In the wake of the London Bridge attack, Londoners are helping one another out with #SofaForLondon

In the wake of the London Bridge attack, Londoners are helping one another out with #SofaForLondon
A woman hands a police officer a bouquet of flowers to be left in the London Bridge area of London, Sunday, June 4, 2017.
Source: Frank Augstein/AP
A woman hands a police officer a bouquet of flowers to be left in the London Bridge area of London, Sunday, June 4, 2017.
Source: Frank Augstein/AP

The terror attack in London on Saturday night left a number of people stranded, as police cordoned off broad swathes of south London in the course of their investigation. Londoners are stepping up, offering accommodations, rides and whatever help they can on social media, under the hashtag, #SofaForLondon.

"Have a safe #SofaForLondon if anyone stranded #LondonBridge #BoroughMarket #Vauxhall," one Twitter user wrote.

"If anyone caught in the London Bridge incident needs place to sleep, we have a spare room in east London," another offered.

At around 10 p.m. local time, three masked men plowed into pedestrians on London Bridge, before abandoning their van and launching an attack on the bars and restaurants of nearby Borough Market. The men stabbed patrons indiscriminately before police arrived on the scene and shot them dead.

The attack left seven people dead and 48 injured. The suspects have not yet been identified, although Prime Minister Theresa May cast blame on "Islamist extremism." An investigation is underway, and according to CNN, much of the area around the attack sites has been partitioned off. That means many residents are currently unable to go home.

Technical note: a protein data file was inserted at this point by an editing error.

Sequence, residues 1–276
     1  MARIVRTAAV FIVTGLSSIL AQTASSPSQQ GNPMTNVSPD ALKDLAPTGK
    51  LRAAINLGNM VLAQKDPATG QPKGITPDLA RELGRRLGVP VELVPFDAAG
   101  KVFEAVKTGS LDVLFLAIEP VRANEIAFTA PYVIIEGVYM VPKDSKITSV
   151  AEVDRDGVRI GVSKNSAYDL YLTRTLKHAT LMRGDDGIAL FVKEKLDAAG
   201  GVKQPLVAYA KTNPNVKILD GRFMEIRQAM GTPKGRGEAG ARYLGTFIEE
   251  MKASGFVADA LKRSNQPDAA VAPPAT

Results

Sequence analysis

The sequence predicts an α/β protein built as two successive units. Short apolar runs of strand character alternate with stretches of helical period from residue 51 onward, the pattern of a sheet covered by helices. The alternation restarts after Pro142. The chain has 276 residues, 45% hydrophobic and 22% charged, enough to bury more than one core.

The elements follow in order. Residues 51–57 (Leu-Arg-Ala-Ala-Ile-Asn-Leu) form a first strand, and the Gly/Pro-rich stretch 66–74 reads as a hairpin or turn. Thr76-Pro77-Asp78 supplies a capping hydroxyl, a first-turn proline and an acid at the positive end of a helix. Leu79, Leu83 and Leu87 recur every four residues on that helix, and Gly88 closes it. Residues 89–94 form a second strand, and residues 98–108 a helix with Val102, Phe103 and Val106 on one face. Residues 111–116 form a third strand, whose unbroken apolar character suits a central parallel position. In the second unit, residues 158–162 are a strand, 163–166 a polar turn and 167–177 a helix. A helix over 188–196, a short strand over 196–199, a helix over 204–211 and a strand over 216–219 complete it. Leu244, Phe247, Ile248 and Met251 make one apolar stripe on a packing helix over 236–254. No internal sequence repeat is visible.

George Moss, a 22-year-old man whose street was blocked off by police Saturday night, told the BBC that, without the kindness of strangers, he would've been out on the street. Moss lost his phone, but was able to borrow one from a journalist. That's how he found out about #SofaForLondon and got in touch with Holly Robinson and Mary Lynch, who gave him a place to stay.

"I would have been in a pickle," Moss told the BBC, "I wouldn't have anywhere else to go."

"You have to give whatever you can, whenever you can," Robinson said.

According to the BBC, local bars also put up people temporarily displaced by the attacks. A pub called the Royal Oak reportedly welcomed about 150 people evacuated from surrounding hotels and barred from their homes.

The Independent reported that Muslim taxi drivers also offered free rides, as drivers did in the wake of the recent suicide bombing in Manchester, England, which left 22 people dead and dozens injured.

"I have just had a Muslim taxi driver take me home and he has cried on me over the attacks tonight," one Twitter user wrote. "Terrorism has no religion #LondonBridge."

How much do you trust the information in this article?

Claire Lampen

Claire is a staff writer at Mic who covers women's issues and reproductive rights. She is based in New York and can be reached at claire@mic.com.

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